Engines are the heart and soul of cars. Once your engine is faulty, then the vehicle won't be able to move. Usually, when something isn't right with your engine, the check engine light comes on. But if you're concerned about cold or hot weather causing your check engine light to come on, you're in the right place. We asked experts in the automotive industry, and they gave us informative answers.
Yes, extreme hot or cold weather can cause your check engine light to come on. Sensors in the vehicle can malfunction due to temperature fluctuations. These temperature fluctuations can cause the failure of fuel indicators, ignition coils, or a weak battery.
Vehicles don't have complicated engines. Once you understand what to expect in extreme weather, you won't panic if the check engine indicator comes on. Continue reading as we explain what you should do to protect and care for your car engine in extreme weather.
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What Extreme Weather Does To The Engine
Temperature fluctuations disrupt a vehicle's ability to function well. Sometimes the vehicle will need some time to readjust. Sensors that warn you of any irregularities might go haywire. Sensors are supposed to be sensitive and send signals to the dashboard to indicate something isn't right.
In cold weather, everything tends to freeze or congeal. It includes any fluids in vehicles. You might get surprised if the check engine light comes on unexpectedly.
As the car battery works harder in cold weather, the engine will be slow to start or won't start at all. The check engine light will come on to indicate that there's a problem.
When it's cold, the pressure in the vehicle tires will decrease. The engine light will light up due to this as well.
The hot months can turn out to be hotter, and your vehicle will feel the heat. The vehicle's cooling system should be in good working order to avoid the engine from overheating.
When the cooling system isn't functioning well, the sensors will malfunction. Fuel injectors and the ignition coil will fail and the check engine light come on.
Ensure that your vehicle stays cool in hot weather to keep its components working well.
What Causes The Engine Light To Come On
The weather can't always cause the check engine light to come on. There are other times the check engine light comes on. The most common reasons include:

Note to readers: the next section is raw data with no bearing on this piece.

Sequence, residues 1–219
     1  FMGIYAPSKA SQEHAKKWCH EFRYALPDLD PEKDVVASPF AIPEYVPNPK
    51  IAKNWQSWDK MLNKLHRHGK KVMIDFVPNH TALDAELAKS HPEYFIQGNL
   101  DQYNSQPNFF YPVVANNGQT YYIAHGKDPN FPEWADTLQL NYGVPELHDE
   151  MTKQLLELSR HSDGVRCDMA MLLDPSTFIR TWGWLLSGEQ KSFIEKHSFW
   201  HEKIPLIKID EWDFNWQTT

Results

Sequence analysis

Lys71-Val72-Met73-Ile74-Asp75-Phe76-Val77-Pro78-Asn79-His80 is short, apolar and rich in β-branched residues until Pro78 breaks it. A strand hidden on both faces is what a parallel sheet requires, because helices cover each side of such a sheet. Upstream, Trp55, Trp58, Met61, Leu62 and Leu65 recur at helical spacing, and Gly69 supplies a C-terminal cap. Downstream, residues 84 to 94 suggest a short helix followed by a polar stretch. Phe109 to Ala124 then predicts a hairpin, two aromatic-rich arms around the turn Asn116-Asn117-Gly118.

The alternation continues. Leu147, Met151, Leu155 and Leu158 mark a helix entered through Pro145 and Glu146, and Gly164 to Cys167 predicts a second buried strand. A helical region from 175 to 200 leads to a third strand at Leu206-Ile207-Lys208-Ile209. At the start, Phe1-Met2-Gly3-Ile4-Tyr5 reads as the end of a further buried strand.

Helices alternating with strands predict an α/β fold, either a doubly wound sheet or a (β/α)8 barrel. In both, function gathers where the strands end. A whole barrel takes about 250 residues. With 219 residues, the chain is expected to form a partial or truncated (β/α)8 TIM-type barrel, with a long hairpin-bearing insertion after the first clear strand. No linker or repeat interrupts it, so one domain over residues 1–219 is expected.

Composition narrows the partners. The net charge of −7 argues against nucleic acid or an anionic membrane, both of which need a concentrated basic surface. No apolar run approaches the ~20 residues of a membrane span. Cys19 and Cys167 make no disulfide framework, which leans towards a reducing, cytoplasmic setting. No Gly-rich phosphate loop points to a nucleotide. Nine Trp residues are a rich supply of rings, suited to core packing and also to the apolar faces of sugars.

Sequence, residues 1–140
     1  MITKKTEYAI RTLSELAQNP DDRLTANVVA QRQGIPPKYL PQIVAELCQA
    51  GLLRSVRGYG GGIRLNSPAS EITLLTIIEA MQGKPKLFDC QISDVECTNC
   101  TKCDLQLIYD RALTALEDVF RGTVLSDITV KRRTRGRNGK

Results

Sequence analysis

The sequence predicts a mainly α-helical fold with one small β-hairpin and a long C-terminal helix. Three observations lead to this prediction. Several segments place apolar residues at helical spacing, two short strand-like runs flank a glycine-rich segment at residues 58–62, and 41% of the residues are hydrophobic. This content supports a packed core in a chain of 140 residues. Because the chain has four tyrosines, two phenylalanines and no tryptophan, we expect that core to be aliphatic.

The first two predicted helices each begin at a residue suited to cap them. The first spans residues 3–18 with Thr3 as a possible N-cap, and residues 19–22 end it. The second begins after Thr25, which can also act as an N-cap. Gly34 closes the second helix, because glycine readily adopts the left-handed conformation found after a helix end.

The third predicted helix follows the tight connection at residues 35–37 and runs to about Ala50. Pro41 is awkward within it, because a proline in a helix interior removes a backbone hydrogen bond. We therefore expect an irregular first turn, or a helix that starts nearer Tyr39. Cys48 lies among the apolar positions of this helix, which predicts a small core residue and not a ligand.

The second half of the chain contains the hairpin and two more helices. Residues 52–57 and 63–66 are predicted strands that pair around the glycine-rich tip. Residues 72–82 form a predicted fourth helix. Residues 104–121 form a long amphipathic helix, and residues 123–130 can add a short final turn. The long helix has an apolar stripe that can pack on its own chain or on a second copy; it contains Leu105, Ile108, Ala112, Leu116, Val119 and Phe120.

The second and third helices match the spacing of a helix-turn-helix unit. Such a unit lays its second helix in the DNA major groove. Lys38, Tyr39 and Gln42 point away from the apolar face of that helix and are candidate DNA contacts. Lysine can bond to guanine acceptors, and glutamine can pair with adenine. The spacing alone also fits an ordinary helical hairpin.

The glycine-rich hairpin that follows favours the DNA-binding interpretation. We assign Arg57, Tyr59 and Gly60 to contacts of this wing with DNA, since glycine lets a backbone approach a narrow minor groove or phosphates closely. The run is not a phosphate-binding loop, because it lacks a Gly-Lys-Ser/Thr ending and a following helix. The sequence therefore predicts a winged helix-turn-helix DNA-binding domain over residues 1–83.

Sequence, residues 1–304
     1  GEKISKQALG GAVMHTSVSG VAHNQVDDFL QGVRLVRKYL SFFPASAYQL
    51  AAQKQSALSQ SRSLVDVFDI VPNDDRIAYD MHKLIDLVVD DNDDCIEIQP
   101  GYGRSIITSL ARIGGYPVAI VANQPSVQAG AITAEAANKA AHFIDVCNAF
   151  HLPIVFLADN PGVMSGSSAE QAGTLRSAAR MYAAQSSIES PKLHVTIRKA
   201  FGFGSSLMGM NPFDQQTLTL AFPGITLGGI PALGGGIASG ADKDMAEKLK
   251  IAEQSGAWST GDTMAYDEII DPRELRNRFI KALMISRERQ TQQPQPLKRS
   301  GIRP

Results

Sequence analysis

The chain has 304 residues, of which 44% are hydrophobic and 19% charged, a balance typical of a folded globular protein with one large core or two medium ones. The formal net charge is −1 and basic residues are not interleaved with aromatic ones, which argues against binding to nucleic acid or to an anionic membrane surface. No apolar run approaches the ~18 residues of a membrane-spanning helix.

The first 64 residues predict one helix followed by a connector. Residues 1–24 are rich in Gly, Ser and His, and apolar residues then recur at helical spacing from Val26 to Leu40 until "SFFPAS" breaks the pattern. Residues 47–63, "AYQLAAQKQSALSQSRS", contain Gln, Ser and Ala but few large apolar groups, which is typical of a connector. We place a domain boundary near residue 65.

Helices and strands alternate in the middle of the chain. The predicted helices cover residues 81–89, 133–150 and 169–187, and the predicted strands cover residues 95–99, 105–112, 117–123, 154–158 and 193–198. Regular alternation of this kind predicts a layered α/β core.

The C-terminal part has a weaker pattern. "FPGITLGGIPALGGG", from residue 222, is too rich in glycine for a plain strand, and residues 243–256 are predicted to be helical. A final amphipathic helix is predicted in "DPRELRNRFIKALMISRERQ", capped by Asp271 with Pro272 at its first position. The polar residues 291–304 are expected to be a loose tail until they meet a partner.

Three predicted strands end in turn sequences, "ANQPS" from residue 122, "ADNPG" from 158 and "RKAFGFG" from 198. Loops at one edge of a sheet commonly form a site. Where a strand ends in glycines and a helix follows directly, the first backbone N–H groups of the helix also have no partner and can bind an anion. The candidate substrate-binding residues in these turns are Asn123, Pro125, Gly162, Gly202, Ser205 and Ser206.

A Faulty Oxygen Sensor
The oxygen sensor helps regulate the fuel to air ratio in the engine. The sensor ensures that the oxygen fuel mixture stays optimal with each milage to reduce emissions. If the sensor is faulty, the check engine light will come on.
Moisture In The Modules
When it snows or rains a lot, snow or water might get to the engine. The check engine light will come on to prompt you to have a look. Ensure that you dry any water or moisture that might be on the engine before you start it.
Malfunctioning Catalytic Converter
The catalytic converter converts toxic gases and pollutants into less toxic ones. When the catalytic converter is damaged, it won't remove these dangerous gases from the internal combustion engine. Automatically, the check engine light will illuminate.
Loose Gas Caps
Open or loose gas caps allow gasoline fumes to escape the gas tank. It is dangerous! The pressure in the gas tank must remain constant for the engine system to work well. If the gas cap is loose or open, there's is a disbalance of pressure in the gas tank.
Faulty Spark Plugs
The ignition coil generates electricity when the engine starts. The spark plugs will ignite the air-fuel mixture. The engine could misfire if the spark plugs are cold, old, or wet. Faulty spark plugs will cause the check engine light to come on on your dashboard.
Note: Spark plugs aren't in diesel engines.
How To Turn Off Check Engine Light
Turning off the engine light means you have found the cause of the problem and resolved it. The light will keep flashing to indicate a serious problem. But when the check light comes on while you are driving and doesn't flash, resolve the issue when you get to your destination.
Using A Scan Tool